5G technologies are becoming of primary importance to boost the Automotive market segment, where new advanced 5G-powered services can be introduced by third parties/SMEs that would like to exploit network performances together with end-to-end automations for such services’ provisioning. Indeed, network slicing, Multi-access Edge Computing (MEC) and dynamic orchestration of resources are recognized as important platforms’ capabilities to enable the automated deployment of Vertical services on top of 5G-enabled infrastructure.

In particular, MEC is one of the most important technical aspects to be considered in Vehicle-to-Everything (V2X) use cases, especially concerning strict performance requirements in terms of low latency and high reliability. Through the adoption of MEC, computing and storage resources can be moved out of the remote cloud and closer to end-users and data sources to meet the desired QoS requirements. Indeed, V2X use cases may bring different requirements, e.g., vehicle movement and hazard notification services are usually latency demanding, while infotainment and AR/VR services require high Uplink (UL)/Downlink (DL) throughput. One of the major challenges consists in how services running in the MEC should be designed to achieve the expected performances. The functionalities of the target service that require processing at the edge should be identified to enable a near-real-time exchange of information with the User Equipment (UE). Moreover, V2X use cases highly influences edge computing architectures due to the complex nature of targeted scenarios, where multiple vehicles, from different manufacturers, and other devices (e.g., sensors, actuators, smartphones etc.) should coexist and connect to the same infrastructure.

With respect to previous architectures, edge computing introduces a shift towards three-tier deployments, where UEs (i.e., client-side components) are expected to communicate with Application and Network Functions (AFs/NFs), i.e., service components, potentially distributed across edge and central cloud locations. In beyond 5G networks, a further challenge that 5G-IANA aims to address consists in extending the deployment of AFs/NFs to the UE side, which in V2X use cases means the integration of orchestration-enabled On-Board Units (OBUs) and Road-Side Units (RSUs) (see Figure). According to ETSI MEC002 [], on one hand, the possibility of executing AFs/NFs on top of OBUs brings an enhanced contextual awareness by exploiting radio network, location, and/or other information relevant to the changing environment during journey time. On the other hand, the fluctuation of connectivity conditions together with its possibly limited compute resources (i.e., processing, memory and storage capabilities) may impact the efficient management and orchestration of such AFs/NFs.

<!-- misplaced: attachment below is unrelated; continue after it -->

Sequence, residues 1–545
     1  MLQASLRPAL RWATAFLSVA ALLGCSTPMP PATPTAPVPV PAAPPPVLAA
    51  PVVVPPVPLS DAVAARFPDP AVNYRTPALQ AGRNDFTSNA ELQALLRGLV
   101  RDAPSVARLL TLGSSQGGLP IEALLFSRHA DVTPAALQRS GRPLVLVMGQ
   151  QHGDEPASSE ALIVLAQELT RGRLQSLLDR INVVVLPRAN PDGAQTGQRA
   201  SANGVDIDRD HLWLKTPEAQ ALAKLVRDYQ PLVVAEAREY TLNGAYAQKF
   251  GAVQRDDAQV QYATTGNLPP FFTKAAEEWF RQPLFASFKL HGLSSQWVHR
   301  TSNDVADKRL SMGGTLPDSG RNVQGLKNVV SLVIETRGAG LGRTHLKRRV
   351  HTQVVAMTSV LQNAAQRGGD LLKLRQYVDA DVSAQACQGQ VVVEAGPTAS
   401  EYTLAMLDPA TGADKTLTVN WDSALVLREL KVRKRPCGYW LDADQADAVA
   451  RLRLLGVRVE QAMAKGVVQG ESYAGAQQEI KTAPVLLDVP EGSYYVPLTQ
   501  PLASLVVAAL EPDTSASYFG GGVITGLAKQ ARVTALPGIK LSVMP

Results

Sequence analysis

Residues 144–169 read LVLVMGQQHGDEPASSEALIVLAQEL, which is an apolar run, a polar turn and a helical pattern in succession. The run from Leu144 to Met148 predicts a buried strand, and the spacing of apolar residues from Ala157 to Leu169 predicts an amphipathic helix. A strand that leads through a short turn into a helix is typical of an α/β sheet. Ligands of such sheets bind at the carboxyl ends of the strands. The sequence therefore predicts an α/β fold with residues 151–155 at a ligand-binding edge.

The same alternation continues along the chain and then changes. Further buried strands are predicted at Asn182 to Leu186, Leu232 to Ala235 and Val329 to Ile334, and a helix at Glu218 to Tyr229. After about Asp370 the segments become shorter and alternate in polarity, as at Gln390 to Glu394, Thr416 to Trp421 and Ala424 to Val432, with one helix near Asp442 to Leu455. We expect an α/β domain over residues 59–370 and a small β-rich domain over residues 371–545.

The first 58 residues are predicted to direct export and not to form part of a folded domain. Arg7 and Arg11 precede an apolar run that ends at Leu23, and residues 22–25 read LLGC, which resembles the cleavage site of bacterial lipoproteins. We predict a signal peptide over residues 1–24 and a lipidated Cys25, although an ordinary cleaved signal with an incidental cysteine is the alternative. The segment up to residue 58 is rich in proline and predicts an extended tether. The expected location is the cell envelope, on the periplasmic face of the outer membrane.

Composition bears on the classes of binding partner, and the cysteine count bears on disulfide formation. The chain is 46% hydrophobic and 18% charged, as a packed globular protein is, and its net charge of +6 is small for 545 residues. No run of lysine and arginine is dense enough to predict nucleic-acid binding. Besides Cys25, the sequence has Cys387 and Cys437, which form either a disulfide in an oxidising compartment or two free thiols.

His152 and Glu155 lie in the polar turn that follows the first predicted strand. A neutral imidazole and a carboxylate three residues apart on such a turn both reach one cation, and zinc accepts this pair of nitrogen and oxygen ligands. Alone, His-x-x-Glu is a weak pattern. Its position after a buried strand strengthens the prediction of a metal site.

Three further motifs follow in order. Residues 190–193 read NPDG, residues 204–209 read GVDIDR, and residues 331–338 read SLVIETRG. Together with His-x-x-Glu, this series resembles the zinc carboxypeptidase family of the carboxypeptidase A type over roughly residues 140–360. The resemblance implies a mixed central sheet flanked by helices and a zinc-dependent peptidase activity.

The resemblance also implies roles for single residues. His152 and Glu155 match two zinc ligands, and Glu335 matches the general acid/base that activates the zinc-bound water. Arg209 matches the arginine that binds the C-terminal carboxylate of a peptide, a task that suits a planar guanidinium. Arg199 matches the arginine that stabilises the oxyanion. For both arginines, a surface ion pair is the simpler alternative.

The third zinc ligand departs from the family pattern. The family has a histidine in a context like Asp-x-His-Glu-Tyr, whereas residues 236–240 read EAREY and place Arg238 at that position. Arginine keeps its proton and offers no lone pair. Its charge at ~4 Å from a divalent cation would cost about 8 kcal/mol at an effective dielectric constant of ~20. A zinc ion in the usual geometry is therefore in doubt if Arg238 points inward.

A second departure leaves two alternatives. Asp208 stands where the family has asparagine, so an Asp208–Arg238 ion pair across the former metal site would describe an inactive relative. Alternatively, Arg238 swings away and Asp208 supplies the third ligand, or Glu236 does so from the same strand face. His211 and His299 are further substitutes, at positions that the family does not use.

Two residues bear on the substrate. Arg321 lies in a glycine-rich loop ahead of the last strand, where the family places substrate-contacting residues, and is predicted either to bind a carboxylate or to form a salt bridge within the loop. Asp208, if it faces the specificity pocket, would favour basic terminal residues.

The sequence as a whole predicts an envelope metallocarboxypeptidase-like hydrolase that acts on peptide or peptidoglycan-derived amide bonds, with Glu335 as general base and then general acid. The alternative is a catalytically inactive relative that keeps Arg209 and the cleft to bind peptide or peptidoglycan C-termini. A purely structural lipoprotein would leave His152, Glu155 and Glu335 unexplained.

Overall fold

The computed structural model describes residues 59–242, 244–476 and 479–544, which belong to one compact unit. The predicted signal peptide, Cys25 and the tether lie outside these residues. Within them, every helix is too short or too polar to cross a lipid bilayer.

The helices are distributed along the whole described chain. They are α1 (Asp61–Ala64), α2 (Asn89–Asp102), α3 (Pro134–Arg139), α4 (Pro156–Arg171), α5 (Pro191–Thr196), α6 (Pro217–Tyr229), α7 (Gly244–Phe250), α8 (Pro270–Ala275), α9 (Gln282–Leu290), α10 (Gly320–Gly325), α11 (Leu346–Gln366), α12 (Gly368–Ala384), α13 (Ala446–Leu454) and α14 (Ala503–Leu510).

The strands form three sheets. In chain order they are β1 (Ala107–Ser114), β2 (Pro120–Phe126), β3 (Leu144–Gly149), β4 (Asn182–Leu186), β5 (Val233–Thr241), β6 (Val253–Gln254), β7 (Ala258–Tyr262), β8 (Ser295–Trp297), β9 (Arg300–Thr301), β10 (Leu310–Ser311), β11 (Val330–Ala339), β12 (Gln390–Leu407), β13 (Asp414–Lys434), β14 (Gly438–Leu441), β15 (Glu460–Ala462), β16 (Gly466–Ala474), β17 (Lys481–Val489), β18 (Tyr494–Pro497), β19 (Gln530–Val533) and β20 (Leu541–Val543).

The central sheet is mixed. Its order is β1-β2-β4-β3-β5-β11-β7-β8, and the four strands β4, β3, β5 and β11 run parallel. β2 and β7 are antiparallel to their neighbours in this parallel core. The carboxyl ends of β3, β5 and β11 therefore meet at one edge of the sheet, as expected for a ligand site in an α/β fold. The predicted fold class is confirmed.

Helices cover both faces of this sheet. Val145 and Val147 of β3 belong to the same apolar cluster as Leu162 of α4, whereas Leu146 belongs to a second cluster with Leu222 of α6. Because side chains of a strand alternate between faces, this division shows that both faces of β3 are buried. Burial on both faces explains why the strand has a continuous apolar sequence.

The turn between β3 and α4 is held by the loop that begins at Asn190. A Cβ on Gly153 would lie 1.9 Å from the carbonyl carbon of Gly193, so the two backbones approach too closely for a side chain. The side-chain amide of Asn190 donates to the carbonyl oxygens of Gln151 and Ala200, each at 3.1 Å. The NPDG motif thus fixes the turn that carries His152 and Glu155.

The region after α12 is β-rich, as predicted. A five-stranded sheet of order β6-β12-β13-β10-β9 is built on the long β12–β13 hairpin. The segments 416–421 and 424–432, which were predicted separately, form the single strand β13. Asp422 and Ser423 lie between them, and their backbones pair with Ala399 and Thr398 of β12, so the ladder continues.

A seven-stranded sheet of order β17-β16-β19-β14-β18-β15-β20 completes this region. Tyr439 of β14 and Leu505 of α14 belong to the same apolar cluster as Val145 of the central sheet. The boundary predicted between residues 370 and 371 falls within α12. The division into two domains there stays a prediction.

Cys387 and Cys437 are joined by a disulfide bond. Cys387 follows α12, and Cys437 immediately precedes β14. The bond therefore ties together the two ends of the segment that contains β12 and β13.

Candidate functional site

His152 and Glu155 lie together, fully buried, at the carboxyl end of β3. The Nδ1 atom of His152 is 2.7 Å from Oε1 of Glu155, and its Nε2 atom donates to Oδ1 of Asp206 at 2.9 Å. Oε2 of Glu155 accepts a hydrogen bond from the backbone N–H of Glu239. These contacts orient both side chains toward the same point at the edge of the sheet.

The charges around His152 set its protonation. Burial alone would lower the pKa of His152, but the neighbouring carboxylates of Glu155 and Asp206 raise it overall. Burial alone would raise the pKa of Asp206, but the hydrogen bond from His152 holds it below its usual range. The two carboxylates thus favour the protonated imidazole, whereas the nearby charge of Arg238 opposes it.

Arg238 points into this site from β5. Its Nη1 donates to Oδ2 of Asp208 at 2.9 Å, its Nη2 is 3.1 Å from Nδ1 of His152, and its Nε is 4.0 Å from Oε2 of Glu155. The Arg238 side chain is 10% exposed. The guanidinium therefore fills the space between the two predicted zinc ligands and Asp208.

Figure 1: Form a three-tier deployment (client-edge-remote cloud) towards the orchestration of AFs/NFs on the client side

The solution adopted in 5G-IANA foresees the integration of Kubernetes as lightweight orchestration framework on top of OBU/RSU hosts. The 5G-IANA Automotive Open Experimental Platform (AOEP) coordinates the Lifecycle Management (LCM) of AFs/NFs deployed at the OBU/RSU’s Kubernetes cluster, facilitating the deployment of more extensive service-chains across multiple edge and far-edge locations. With respect to the potential discontinuity of mobile connectivity, 5G-IANA investigates different mitigation solutions: i) the execution of graceful roll-back procedures in case of LCM operation failures due to a connectivity issue, ii) the forwarding of notifications through the vehicle Human Machine Interface (HMI) for taking over the control of the vehicle, e.g., in case of vehicle movement services, and iii) the design of distributed service-chain to have potentially independent sub-chains running on top of OBUs/RSUs, then for which is not mandatory to exchange data with service components running at the edge and/or central cloud. In addition, the AOEP executes a service-driven selection of OBUs and RSUs. The platform will provide a subscription functionality to create a data base of registered OBUs and RSUs that can be used to execute AFs/NFs. At the same time, a continuous resource discovery is applied to determine which OBUs are currently available in a given coverage area to perform LCM operations. The selection of OBUs and RSUs can be performed taking into account various parameters, including the ones specified by the Service Provider, e.g., the expected coverage area, for which the vehicle trajectory should be considered, and/or host-specific capabilities like the availability of data-sets for training/profiling, availability of connected sensors/actuators etc.


Author: Francesca Moscatelli.